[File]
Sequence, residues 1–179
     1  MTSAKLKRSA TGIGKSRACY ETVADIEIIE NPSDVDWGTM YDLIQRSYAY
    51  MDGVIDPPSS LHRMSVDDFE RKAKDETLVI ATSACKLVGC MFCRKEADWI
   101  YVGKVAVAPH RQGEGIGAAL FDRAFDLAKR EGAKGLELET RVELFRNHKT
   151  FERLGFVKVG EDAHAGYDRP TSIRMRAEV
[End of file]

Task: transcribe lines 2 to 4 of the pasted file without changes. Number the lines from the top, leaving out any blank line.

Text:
     1  MTSAKLKRSA TGIGKSRACY ETVADIEIIE NPSDVDWGTM YDLIQRSYAY
    51  MDGVIDPPSS LHRMSVDDFE RKAKDETLVI ATSACKLVGC MFCRKEADWI
   101  YVGKVAVAPH RQGEGIGAAL FDRAFDLAKR EGAKGLELET RVELFRNHKT